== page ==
Stroke is a leading cause of mortality and disability (ABS 2008). It is estimated that one in six people worldwide will suffer a stroke in their lifetime – in 2012, 50,000 new stroke or recurrent strokes occurred in Australia (NSF 2013), and 795,000 in the USA (CDC 2014). In the same year there were over 420,000 people in Australia and over 7,000,000 people in the USA living with the effects of stroke (NSF 2013; CDC 2014). The burden of disease and economic impact of stroke upon stroke survivors, their caregivers (often family members) and on society is substantial, with lifetime costs per patient ranging from USD 11,787 to USD 3,3035,671 in the USA (Palmer 2005) and annual national costs of AUD 5 billion in Australia (NSF 2013).
Description of the condition
One of the most common but least talked about effects of stroke is sexual dysfunction with 50% or more of stroke survivors suffering a degree of sexual decline post-stroke (Korpelainen 1999; Giaquinto 2003; Tamam 2008; Schmitz 2010). Sexual dysfunction is often multifactorial in origin and contributing causes can broadly be divided into the following categories.
Primary causes where stroke directly affects sexual function, for example, decline in libido and coital frequency for both genders, decline in vaginal lubrication and orgasm in females and in erection and ejaculation in males (Monga 1986; Giaquinto 2003; Tamam 2008).
Secondary causes where the stroke results in sensorimotor problems, such as hemiplegia or spasticity, pain, bowel or bladder dysfunction, which in turn affect sexual function due to issues such as the loss of ability to position oneself during sexual activity.
Tertiary causes such as psychological adjustment issues, or cognitive or behavioural issues or both.
Psychological adjustment issues may include body image changes, loss of self-esteem, anxiety, stress, depression, fear of new stroke and marital conflict (changes in roles, fear that able-bodied partner will leave, difficulties stemming from the spouse having a dual role of lover as well as carer) (Korpelainen 1999; Giaquinto 2003).
Cognitive or behavioural issues, or both, may include poor judgement, egocentricity, emotional lability, disinhibition, low tolerance for delayed gratification and poor memory.
Issues may not only relate to the stroke survivor but also to his or her spouse with up to 88% stating they would not like to have sexual activity with a "sick person" (Giaquinto 2003).
Description of the intervention
Types of interventions for sexual dysfunction include:
pharmacological interventions such as phosphodiesterase-5 inhibitors, intracavernosal injections, intraurethral suppositories and hormonal therapy (Vecchio 2010);
mechanical devices (such as vacuum pumps, penile implants, penile prostheses and lubricating gels);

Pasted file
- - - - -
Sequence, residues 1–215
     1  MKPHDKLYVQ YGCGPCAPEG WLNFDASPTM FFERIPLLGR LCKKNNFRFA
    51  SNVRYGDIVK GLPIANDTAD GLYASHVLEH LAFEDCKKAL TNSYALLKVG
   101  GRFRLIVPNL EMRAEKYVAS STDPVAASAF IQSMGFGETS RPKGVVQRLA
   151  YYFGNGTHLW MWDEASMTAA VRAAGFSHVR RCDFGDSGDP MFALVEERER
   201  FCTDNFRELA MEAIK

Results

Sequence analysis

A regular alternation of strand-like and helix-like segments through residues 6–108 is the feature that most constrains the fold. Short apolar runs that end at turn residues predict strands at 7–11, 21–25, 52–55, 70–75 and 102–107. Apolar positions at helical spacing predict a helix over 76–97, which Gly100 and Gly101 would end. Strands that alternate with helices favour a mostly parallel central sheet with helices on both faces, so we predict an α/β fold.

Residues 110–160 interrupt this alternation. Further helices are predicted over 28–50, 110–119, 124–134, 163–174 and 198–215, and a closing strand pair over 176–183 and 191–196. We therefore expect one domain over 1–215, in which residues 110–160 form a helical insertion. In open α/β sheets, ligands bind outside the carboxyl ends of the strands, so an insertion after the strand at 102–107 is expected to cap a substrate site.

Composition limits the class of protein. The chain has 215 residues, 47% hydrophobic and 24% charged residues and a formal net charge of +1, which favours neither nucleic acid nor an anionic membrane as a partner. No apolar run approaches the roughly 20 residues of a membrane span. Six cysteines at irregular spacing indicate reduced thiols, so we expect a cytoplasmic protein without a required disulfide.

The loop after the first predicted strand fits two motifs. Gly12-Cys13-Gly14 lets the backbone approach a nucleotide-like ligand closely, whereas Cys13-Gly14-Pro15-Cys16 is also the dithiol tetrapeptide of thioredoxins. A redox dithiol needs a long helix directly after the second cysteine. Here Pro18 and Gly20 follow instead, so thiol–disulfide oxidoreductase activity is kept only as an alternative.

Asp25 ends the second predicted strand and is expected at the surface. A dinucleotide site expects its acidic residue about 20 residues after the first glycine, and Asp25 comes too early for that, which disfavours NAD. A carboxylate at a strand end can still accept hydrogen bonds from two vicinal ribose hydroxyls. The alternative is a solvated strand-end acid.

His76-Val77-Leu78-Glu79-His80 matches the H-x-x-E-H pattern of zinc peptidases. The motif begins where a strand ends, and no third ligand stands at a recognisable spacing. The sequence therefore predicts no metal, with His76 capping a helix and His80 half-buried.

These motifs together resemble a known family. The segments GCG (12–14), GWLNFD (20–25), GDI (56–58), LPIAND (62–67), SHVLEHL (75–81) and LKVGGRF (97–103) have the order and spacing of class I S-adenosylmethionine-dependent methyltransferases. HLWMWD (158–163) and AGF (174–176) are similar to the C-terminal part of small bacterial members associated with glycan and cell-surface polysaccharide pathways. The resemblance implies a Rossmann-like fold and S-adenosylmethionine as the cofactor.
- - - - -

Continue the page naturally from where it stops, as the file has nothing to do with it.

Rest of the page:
psycho-educational interventions (such as counselling and psychotherapy);
physical therapy (such as physiotherapy for bed mobility) (Miles 2007);
complementary medicine interventions such as gingko biloba and ginseng (Miles 2007).
Interventions are not mutually exclusive and may be used in combination. An example of a comprehensive intervention for sexual dysfunction following stroke is sexual rehabilitation. Rehabilitation is defined as "a problem-solving educational process aimed at reducing disability and handicap (participation) experienced by someone as a result of disease or injury" (Wade 1992). The specific aims of stroke sexual rehabilitation are to assess existing sexual issues, provide information on concerns and support safe return to sexual activity after a stroke (Byrne 2014). Sexual rehabilitation is tailored according to individual needs and delivered, in a co-ordinated manner, by medical staff together with one or more disciplines (physiotherapy, occupational therapy, social work, psychologist, nursing). Sexual rehabilitation is designed to be person-centred, time-based, functionally-oriented and aims to maximise activity and participation (social integration) using a biopsychosocial model. Counselling may form a large (and potentially only) component of sexual rehabilitation and may address sexual performance concerns, issues related to medication and co-morbid conditions that may affect sexual function and specific psychological or interpersonal factors (Lue 2004). Counselling may be delivered in a one-on-one or group setting. In addition to counselling, sexual rehabilitation may involve other aspects of physical rehabilitation such as mobility training by the physiotherapist to optimise bed mobility for sexual positioning and transferring in and out of bed, and the management of spasticity such as using a bolster between the knees for adduction spasticity. It may also include the prescription of medications such as phosphodiesterase-5 inhibitors. Sexual rehabilitation may be provided by a range of appropriately trained health professionals within the multidisciplinary team and may involve the stroke survivor or his/her partner alone or the stroke survivor together with his or her partner. A range of formats may used in sexual rehabilitation, including oral information, visual information, written materials, audiovisual and practical training. Sexual rehabilitation may be short-term (such as once-off counselling or a medication prescription) or longer-term, for example providing cognitive behavioural therapy targeting psychological and physical aspects of sex and intimacy (Song 2011), or physiotherapy to achieve mobility goals.